However, there are many inhibitions. Lawyers practising in the legal aid field have a very tardy paymaster in the Government. Of necessity, work-in-progress and debtors are disproportionately high. Such firms will be penalised heavily on the tax front for matters outside their control. And with the proposed conditional fee arrangements there is little chance of collecting costs until the very end. Ever larger sums of work-in-progress will be built up on a greater number of files. The profession is caught between a rock and a hard place.
At present the Bar, which draws up its accounts on the cash basis, can live on credit and not be over-zealous in pursuing solicitors for payment. Solicitors naturally resent being pressed for payment by the Bar especially when they have not been paid themselves by the client. With the advent of a full earnings basis for barristers that tolerance will end. Barristers' clerks will be pressing assiduously for payment of fee notes.
The old balance will be destroyed. It is likely that solicitors will press the Law Society to lobby for change, so that barristers must look direct to the client or the legal aid fund as paymaster. If the normal rules of agency apply, the solicitor will become the middle man without responsibility for barristers' fees.
This will remove yet one further distinction between the two branches of the profession. It will certainly destroy the delicate economic balance which exists between clients who pay the bills, solicitors as the oppressed intermediaries, and barristers who up to now have had a rather relaxed agenda.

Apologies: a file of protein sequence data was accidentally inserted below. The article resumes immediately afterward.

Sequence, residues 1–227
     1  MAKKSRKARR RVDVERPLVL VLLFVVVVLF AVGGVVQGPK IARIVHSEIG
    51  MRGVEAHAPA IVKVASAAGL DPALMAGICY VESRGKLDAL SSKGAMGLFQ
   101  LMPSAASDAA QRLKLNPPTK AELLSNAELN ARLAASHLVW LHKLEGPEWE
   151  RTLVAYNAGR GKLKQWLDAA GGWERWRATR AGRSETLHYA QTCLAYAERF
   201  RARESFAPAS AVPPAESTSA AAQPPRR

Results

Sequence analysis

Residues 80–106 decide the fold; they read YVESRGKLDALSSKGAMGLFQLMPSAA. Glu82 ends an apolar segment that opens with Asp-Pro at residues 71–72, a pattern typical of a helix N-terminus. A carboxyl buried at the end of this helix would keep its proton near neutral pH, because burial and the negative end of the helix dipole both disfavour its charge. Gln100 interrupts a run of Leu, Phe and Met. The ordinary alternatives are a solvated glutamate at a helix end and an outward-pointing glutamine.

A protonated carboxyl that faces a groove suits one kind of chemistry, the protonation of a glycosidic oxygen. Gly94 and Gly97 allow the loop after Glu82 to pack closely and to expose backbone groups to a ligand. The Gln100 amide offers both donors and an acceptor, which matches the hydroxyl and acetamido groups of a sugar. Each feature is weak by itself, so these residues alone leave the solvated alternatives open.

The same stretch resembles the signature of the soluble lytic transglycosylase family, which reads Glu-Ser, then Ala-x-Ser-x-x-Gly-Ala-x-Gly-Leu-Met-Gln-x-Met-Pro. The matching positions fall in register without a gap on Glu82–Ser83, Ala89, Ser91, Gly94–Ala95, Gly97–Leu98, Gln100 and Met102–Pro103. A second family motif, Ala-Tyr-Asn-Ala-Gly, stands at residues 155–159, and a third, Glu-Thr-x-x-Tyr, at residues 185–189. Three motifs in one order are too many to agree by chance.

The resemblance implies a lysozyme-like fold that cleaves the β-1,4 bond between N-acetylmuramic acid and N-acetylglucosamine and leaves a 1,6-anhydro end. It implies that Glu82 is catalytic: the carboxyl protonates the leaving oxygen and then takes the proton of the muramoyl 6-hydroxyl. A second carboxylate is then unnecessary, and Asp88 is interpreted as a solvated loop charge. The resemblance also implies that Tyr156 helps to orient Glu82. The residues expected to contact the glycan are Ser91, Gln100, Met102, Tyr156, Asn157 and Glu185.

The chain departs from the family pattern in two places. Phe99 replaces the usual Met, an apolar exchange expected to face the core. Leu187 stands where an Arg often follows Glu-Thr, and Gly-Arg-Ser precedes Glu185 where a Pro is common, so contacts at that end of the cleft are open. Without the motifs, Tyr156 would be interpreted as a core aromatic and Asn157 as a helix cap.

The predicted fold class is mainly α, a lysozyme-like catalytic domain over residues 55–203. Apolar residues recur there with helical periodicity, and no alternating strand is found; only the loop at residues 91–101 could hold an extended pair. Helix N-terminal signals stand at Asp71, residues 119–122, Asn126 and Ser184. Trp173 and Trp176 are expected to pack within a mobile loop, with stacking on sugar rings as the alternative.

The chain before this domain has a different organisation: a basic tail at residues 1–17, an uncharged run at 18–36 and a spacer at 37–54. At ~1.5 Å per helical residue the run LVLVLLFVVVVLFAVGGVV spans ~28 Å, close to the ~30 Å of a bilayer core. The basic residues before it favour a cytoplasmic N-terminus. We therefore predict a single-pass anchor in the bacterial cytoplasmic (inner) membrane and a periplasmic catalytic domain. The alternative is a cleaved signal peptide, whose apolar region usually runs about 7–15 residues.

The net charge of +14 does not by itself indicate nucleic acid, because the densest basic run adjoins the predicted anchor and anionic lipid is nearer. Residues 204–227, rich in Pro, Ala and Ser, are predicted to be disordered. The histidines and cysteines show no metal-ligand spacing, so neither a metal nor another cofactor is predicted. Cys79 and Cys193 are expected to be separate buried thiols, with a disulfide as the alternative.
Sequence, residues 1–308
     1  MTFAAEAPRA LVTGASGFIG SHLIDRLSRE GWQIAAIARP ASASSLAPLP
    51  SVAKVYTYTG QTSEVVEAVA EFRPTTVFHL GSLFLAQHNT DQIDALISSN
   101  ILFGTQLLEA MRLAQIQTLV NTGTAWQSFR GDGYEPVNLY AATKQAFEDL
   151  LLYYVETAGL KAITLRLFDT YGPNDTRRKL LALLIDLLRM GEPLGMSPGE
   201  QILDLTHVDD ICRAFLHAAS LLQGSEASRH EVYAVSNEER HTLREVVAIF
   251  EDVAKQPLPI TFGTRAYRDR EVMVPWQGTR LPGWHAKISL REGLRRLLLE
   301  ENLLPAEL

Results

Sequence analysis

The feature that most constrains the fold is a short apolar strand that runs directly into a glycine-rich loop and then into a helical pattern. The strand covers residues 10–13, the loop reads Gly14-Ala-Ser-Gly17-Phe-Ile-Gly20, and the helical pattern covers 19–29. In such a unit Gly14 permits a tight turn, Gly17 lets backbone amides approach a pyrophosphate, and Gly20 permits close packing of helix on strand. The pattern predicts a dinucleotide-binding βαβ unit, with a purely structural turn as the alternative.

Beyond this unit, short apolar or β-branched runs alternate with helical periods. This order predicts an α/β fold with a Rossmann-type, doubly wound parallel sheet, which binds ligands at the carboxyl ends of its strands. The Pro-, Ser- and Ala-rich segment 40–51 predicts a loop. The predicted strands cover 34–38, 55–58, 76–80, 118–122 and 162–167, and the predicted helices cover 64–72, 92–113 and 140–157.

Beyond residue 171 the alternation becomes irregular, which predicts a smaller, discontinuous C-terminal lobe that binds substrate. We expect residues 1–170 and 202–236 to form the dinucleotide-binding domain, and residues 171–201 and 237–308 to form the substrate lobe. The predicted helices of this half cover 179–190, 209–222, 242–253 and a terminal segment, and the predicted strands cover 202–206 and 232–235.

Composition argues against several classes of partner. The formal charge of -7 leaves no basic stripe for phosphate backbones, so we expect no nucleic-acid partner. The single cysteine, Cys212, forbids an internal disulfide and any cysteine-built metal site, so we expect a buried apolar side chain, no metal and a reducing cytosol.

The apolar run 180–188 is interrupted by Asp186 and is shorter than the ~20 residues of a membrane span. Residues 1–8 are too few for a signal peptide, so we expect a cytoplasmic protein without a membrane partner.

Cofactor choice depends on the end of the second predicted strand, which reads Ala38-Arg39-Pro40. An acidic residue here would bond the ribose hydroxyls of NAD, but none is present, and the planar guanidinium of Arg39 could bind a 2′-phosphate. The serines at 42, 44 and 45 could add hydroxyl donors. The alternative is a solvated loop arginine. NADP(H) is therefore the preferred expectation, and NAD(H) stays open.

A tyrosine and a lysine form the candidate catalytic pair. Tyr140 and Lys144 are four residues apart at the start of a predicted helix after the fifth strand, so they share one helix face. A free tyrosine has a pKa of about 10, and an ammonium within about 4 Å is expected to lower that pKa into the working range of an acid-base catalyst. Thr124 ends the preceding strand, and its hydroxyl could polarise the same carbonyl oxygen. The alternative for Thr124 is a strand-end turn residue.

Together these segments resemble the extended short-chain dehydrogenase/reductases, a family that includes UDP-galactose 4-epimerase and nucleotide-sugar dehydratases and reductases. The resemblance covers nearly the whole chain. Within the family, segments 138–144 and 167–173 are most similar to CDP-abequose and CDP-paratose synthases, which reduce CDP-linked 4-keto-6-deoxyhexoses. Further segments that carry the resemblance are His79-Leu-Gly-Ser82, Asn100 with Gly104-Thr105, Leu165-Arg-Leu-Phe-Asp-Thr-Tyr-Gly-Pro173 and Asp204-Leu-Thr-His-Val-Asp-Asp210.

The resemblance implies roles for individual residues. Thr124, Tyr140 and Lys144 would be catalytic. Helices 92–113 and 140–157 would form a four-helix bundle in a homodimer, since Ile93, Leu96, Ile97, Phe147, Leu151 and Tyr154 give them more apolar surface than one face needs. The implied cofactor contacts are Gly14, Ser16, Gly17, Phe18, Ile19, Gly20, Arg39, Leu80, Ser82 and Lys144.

As far as incorporation for solicitors is concerned, one of the main disadvantages cited has been the 'bunching' effect for taxation on conversion of a partnership to a limited company. The new audit provisions for partnerships with the knock-on effect of taxation of work-in-progress and also debtors for those on the cash basis, will have the same effect, or a similar, effect.
Increased National Insurance payments when partners become employees will also have to be factored into the equation. If this happens, expect a mass movement to incorporation, which will create a brave new world of share options, wider share ownership and share ownership by non-lawyers and ultimate flotation of law firms. Goodwill has for many years been a thing of the past for most solicitors. This may give the opportunity once again to cash in on that elusive commodity.
A parallel can be found in the US in the medical profession where financial entrepreneurs are buying up groups of practices. They float these and reward the previous proprietors with shares, cash or a combination of the two. The quid pro quo is that the former independent professionals take on employee status in the new organisations.
Another advantage of incorporation for the smaller practice is that of gaining small company status with freedom from the rigours of audit (hence a reduction in expense), coupled with a lower tax rate on profits retained in the practice. This contrasts with the new requirements for professional partnerships, which seek a full audit for office as well as client account irrespective of size.
The new assault by the Inland Revenue, although at first sight likely to be damaging to the profession, may yet contain some kind of silver lining.